Reliability Determination by the Judge or the Jury?
     If a judge in a Daubert hearing makes reliability determinations, a jury will never see the evidence offered. Should a judge withhold testimony from the jury because an expert's conclusion is inexplicably at odds with other studies in the same field or if the expert's methodology is "questionable"? Or should the jury be allowed to consider this testimony given complete information, for example with a caveat that an expert reached a conclusion different from the thirty other studies in the expert's field? One argument is that a conclusion that seems unpersuasive or novel does not necessarily indicate that the expert's methodology was flawed in some respect; such an evaluation, in any case, should be a question for the jury, not the judge.(10) The language in Daubert notes that a methodology accepted by even a minority of the scientific community may be admissible, as long as it has some demonstrable basis of reliability. In the recent Oregon case Hall v. Baxter Healthcare Corporation (involving claims against breast implant manufacturers for injuries allegedly caused by silicone gel breast implants), Judge Jones recognized that, in making an assessment of reliability, the fact that an expert's conclusions differ from those of other experts is not a sufficient basis alone for determining that the testimony is inadmissible.(11)

     Those who wish to curtail the gatekeeping role of judges often speak in terms of protecting the province of the jury. If, they argue, a judge admits testimony over the objections of the other side, opposing counsel still has adequate safeguards, such as cross-examination and contrary evidence, to protect against conclusions perceived to be in error.(12) Those who construe Justice Blackmun's delineation between methodology and conclusion as inviolable note that by limiting review to methodology, the Daubert inquiry eliminates the temptation for judges to take an expert's credibility into account, leaving this determination properly in the hands of the jury.(13) According to this interpretation, the focus on methodology acts as a check on the judge's gatekeeping power, ensuring the accepted division of authority and protecting the plaintiff's right to his day in court.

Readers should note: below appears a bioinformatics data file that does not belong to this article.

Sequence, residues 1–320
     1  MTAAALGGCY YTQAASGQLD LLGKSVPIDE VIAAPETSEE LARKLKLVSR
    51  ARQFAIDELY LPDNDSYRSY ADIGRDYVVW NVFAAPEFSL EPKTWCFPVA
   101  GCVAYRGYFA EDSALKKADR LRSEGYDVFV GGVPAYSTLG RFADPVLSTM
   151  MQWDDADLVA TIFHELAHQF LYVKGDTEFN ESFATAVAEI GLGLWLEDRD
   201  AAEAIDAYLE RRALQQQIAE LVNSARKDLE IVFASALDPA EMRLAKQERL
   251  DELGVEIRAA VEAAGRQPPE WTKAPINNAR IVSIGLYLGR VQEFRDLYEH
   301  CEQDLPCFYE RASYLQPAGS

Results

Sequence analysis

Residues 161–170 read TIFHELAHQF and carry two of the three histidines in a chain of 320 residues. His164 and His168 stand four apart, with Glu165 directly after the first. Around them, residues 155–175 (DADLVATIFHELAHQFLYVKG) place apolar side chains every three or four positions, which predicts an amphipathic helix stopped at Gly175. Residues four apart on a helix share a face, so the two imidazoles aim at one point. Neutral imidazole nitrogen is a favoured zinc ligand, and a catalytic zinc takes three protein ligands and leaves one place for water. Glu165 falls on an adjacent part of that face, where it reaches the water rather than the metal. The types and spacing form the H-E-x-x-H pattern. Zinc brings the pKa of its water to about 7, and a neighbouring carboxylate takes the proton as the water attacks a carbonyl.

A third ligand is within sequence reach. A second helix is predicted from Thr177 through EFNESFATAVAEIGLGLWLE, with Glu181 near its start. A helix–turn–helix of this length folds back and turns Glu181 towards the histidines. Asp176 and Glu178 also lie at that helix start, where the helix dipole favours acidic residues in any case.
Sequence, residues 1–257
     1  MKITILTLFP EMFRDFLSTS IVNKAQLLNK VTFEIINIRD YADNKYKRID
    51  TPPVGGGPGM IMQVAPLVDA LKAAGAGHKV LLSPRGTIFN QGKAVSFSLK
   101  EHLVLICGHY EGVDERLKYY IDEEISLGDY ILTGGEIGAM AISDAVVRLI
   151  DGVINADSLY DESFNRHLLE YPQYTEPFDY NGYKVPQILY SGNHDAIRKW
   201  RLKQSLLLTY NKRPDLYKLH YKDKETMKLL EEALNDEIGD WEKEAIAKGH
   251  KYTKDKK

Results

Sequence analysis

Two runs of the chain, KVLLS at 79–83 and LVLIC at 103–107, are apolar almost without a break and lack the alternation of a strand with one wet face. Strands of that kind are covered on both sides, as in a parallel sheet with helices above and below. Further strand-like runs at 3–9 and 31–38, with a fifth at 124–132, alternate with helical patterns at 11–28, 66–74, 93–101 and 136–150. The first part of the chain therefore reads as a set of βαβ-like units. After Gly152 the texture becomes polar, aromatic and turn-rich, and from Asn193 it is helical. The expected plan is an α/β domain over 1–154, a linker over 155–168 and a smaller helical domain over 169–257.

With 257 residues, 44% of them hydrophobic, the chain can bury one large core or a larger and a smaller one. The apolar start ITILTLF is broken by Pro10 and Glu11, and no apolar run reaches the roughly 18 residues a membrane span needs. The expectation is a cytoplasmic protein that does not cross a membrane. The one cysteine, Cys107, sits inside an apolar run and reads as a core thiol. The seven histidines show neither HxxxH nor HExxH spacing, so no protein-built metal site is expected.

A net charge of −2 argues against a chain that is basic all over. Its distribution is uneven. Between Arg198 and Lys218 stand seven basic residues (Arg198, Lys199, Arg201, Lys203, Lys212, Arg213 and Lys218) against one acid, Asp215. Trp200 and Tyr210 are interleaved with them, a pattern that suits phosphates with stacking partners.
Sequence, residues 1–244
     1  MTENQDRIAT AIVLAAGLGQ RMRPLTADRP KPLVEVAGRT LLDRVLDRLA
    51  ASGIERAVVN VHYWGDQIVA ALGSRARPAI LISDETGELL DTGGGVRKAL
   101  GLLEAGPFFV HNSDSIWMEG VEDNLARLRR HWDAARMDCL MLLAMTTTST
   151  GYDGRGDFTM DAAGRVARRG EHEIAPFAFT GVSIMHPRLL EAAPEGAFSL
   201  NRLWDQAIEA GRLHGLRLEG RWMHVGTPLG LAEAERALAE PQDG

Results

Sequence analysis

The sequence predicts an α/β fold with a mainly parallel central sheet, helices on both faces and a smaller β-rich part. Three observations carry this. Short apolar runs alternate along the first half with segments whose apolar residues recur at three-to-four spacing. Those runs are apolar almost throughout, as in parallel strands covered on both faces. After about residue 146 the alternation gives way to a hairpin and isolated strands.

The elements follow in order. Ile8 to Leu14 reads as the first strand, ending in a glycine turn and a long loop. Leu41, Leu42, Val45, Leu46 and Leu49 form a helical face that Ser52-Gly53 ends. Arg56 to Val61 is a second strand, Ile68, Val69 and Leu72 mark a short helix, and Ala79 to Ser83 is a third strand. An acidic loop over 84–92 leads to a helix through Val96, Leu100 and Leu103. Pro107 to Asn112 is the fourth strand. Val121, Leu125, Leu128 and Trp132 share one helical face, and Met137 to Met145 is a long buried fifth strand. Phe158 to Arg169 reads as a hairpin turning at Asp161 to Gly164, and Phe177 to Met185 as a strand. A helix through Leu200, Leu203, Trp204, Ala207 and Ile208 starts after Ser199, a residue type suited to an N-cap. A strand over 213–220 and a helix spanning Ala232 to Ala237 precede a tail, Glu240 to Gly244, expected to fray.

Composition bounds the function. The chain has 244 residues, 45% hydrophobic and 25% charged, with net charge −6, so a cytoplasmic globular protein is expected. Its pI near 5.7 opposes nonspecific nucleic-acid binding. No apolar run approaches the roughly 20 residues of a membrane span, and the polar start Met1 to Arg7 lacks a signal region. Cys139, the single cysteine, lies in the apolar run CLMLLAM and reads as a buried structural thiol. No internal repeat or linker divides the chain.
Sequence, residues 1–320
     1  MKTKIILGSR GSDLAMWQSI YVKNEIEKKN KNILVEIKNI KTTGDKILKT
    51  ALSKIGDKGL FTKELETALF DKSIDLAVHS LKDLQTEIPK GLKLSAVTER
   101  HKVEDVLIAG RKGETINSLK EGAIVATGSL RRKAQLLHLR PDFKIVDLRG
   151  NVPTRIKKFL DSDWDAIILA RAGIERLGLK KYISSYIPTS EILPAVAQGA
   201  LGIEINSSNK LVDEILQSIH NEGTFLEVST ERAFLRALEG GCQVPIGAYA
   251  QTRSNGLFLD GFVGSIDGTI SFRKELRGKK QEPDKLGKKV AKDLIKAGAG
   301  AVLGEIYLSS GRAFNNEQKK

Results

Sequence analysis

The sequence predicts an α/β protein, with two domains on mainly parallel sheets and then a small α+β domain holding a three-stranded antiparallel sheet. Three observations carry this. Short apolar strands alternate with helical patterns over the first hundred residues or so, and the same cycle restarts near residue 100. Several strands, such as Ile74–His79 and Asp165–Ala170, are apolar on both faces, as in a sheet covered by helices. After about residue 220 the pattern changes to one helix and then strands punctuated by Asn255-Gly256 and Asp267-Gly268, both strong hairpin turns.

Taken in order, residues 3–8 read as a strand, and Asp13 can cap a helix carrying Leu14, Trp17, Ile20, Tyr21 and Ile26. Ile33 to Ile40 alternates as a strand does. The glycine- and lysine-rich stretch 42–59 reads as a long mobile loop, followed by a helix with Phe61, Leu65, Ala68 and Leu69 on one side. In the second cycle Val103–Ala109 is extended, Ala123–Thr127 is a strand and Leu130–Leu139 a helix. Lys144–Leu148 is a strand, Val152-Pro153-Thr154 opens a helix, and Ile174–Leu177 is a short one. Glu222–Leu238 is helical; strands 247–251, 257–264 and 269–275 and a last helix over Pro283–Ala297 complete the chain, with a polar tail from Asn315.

Assessing Relevance
     Daubert's second prong, relevancy, has received considerably less attention from commentators than the question of reliability. Nonetheless, this dearth of scholarly treatment does not indicate that the second prong is of any lesser importance, for the evaluation of fit, like the reliability inquiry, requires a high degree of judicial scrutiny. A determination of fit requires that a judge decide whether or not proffered testimony will assist the trier of fact in drawing a conclusion. This necessitates a determination as to whether or not testimony produced is relevant to the facts at issue in a case. Justice Blackmun's opinion in Daubert provides a useful example of how the question of relevance comes into play. According to Justice Blackmun's hypothetical, while expert testimony about the phases of the moon may be applicable in determining how dark it was on a given night, the very same testimony should be inadmissible if offered to demonstrate the psychological state of a defendant.(14) Thus, an expert's opinion can be methodologically flawless yet it can still be dismissed for failure to reach a reasonable conclusion. A judge, who chooses to review how an expert reached his conclusion via his methodology, as informed by the methodology-conclusion debate discussed above, could well throw out on the grounds of reliability, testimony about the moon aimed at proving psychological state. This ruling could be based on a belief that the expert improperly reasoned to his conclusion, and underlying this would be an assumption that this reasoning is part of the expert's methodology. But what if the expert doesn't offer a conclusion but merely lays out scientific evidence about the phases of the moon? While the expert himself draws no conclusion about the effect of the phases of the moon on the psychological state of the defendant, the lawyer for the defense will attempt to use the testimony to this effect. A judge in her gatekeeping role can throw out this testimony for a failure to "fit" the causation requirements of the case at hand.